- Plan a few college visits during your April break. Call the admission office to arrange a tour, a class visit, and a meeting, even an interview with an admissions officer. If you can’t afford to visit all of the colleges on your list, at least watch a video about the college showing you what really happens on campus at FreeCollegeVideos.com. They have filmed over 2000 colleges, including the Ivy league colleges.
- Register for the April ACT test.
- Register for the May/June SAT Reasoning test and/or the May/June Subject tests.
TIP: Not all Subject test are given on every test date. Check with your teacher to see which type of Subject Test corresponds with the curriculum at your school, especially in the Foreign Language area.
- Take the ACT test.
- Begin visiting colleges during your spring break.
- Take an SAT prep course to help prepare for the upcoming test. If you haven’t already, you might want to take an online course such as Grockit SAT & ACT Test Prep. Many students find their score is increased through simple practice and employing the strategies taught in a class like this.
- After your college visits, evaluate your college list and eliminate colleges that you are no longer interested in.
- Take the SAT Reasoning Test or the SAT Subject Tests.
- If appropriate, take the Advanced Placement (AP) exams which are given in high schools nationally in early May.
- Continue gathering information on local and national scholarships. You may have to begin applying for scholarships awarded to seniors the summer after your junior year.
- Apply for special summer academic or enrichment programs such as a pre-college summer program, an internship in a possible career field, or travel abroad.
- Take the SAT or the Subject Tests if you did not take them last month.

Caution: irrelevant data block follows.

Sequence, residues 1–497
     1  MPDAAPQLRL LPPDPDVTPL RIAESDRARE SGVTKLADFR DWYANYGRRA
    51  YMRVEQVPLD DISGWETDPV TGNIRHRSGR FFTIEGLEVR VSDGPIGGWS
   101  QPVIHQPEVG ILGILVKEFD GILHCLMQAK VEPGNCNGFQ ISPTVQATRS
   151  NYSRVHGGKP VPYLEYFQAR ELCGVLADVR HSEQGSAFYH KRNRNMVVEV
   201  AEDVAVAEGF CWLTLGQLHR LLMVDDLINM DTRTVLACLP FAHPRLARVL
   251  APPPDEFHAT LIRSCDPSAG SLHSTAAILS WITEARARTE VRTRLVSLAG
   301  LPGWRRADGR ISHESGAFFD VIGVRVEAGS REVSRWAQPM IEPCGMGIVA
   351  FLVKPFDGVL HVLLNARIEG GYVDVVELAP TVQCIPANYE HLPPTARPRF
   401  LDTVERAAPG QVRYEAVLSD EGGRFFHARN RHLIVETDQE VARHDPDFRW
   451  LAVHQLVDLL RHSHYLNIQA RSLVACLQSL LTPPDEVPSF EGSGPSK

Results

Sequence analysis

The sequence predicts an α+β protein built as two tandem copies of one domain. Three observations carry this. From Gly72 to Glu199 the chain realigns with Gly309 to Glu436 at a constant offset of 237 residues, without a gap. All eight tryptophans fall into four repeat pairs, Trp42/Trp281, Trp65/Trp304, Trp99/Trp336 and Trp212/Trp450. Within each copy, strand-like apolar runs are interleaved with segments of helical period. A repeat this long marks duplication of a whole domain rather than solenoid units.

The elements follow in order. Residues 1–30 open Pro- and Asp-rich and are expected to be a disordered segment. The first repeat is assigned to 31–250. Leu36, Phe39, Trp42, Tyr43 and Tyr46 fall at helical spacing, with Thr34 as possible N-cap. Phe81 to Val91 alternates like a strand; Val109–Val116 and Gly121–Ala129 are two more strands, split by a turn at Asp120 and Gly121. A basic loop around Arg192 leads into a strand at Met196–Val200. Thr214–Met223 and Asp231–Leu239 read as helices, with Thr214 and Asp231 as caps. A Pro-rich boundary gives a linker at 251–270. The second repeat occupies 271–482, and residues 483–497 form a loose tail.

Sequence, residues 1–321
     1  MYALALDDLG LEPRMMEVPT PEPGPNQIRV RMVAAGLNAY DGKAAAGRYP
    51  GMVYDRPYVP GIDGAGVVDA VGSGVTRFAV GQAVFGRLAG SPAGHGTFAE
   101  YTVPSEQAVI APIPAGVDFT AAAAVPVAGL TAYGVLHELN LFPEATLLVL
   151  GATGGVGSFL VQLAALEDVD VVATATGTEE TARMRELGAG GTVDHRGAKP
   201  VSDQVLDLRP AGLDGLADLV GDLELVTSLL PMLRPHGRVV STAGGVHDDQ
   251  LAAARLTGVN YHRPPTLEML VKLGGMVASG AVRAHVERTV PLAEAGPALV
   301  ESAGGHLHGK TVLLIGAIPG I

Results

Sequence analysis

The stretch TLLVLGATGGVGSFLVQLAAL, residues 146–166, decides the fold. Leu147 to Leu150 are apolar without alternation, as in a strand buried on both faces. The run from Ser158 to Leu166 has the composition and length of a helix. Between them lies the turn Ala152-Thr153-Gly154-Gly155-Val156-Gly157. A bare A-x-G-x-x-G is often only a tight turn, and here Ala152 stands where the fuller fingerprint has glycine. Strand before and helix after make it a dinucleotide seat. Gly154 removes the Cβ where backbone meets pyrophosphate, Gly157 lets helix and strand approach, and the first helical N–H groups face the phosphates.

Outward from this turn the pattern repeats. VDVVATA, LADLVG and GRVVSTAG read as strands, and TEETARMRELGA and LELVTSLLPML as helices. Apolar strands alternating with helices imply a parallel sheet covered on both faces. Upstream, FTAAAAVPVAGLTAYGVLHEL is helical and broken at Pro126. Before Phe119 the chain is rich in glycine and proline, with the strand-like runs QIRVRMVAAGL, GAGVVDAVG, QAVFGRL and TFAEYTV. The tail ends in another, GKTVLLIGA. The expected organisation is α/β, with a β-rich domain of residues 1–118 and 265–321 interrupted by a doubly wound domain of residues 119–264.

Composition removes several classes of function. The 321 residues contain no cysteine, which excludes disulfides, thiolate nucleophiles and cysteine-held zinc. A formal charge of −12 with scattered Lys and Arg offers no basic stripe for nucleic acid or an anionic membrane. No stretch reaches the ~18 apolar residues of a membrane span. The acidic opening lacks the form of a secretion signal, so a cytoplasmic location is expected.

- Do well on your final exams. Your GPA after 6 semesters is used by colleges to determine admission decision.
- Visit colleges, take tours, and have interviews.
- Continue to refine your college list.
- Complete the NCAA Initial-Eligibility Clearinghouse form if you plan to play Division I or II sports.
- If you are an athlete, contact coaches at the schools to which you are applying to get any information you need about their process. Be sure to include an athletic resume in your correspondence with coaches.
Tip! Before submitting your resume, it would be wise to have it professionally reviewed by resume writers such as ResumeEdge so that you are sure it is a perfect product.
- Begin to work on your application; draft college essays; collect writing samples; if needed, assemble portfolios and any other supplementary material needed. Also make sure you compile a general academic resume and have it reviewed professionally. ResumeEdge provides this service at a reasonable cost. Finally, remember to register to take a Test Prep class where you live!
Starting in on the college selection and application process NOW can make the fall semester of your senior year so much less stressful!